This is an academic research project and for the most part I'm focusing on academic resources. But I'm working to understand the specific tools and methods for mining social media data in order to effectively intervene using communications campaigns. The annotation offered here adds to these concepts by introducing "community mining" and techniques for analyzing key players, roles, and strong subgroup connections of communication and influence within a larger social media network. These are key concepts for understanding how opinions within a network are formed, shared, and spread. Or as someone might have once said, it's about influencing a group by influencing the influencers.
I had no sense of how much research has been done on sentiment analysis, opinion mining, and machine learning. I suppose major progress had to wait until there were massive datasets of text content available to process. The explosion of data on social media has provided both the impetus and the fodder to develop increasingly sophisticated techniques that are beginning to actually work. In this annotation I present an overview of the techniques and tools of comparative opinion mining. It's great to know what people feel and think about one thing. It's probably twice as great to know what they think about two things. Like two different cars, guitars, or political candidates.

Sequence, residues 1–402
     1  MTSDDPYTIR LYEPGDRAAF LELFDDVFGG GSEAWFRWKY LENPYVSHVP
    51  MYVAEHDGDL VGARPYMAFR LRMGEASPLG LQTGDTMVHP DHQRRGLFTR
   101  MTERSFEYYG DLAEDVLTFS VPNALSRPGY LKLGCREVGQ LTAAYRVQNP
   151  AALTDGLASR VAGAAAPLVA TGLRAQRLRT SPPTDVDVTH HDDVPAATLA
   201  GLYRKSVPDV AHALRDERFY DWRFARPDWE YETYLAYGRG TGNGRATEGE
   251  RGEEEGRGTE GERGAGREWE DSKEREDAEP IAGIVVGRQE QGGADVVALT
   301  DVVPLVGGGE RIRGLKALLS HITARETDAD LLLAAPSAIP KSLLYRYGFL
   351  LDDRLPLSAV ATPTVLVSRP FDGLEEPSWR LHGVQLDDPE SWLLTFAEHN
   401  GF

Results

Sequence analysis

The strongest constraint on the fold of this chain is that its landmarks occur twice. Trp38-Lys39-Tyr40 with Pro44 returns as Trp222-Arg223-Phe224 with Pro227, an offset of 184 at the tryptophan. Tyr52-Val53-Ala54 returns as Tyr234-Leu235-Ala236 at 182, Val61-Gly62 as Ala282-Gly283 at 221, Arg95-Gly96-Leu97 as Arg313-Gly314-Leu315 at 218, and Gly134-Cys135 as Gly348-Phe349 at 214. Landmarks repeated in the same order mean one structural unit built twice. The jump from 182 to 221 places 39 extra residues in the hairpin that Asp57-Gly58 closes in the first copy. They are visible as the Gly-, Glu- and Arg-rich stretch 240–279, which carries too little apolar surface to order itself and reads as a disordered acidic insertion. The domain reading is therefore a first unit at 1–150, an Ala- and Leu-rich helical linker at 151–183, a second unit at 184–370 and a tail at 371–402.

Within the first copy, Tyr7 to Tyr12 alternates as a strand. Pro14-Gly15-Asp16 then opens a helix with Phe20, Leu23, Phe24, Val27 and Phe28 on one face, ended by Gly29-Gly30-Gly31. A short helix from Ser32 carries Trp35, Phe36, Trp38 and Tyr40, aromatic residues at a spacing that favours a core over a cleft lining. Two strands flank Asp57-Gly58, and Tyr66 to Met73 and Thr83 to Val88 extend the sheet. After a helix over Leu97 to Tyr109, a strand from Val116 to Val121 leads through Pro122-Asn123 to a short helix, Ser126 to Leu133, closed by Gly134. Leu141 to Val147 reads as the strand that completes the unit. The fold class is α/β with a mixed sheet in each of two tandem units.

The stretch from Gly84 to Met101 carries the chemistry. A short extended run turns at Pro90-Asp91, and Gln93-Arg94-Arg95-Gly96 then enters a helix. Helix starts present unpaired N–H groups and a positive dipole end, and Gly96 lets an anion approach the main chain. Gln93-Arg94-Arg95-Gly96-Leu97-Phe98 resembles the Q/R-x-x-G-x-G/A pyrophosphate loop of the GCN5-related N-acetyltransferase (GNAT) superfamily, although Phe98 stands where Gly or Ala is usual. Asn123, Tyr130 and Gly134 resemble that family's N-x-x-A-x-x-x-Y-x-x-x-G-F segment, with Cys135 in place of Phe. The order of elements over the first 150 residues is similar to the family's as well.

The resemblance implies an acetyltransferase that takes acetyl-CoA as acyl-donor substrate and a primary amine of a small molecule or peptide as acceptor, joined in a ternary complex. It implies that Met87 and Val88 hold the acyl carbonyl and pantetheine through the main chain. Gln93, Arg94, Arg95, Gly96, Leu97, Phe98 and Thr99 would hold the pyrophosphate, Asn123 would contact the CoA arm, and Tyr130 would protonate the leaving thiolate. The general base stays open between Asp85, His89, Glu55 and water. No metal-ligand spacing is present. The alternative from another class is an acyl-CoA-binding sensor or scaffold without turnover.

The phrase "sentiment analysis" is high on the list of search terms for anyone seeking to understand how to process social media data. It's a component of Natural Language Processing (NLP), where a machine extracts (somewhat) accurate meaning from human language and textual information. This seems really hard, unless I'm wrong, because the whole AI field and NLP seem to be moving forward fast once again. Here's an annotation of a journal article that provides a decent overview.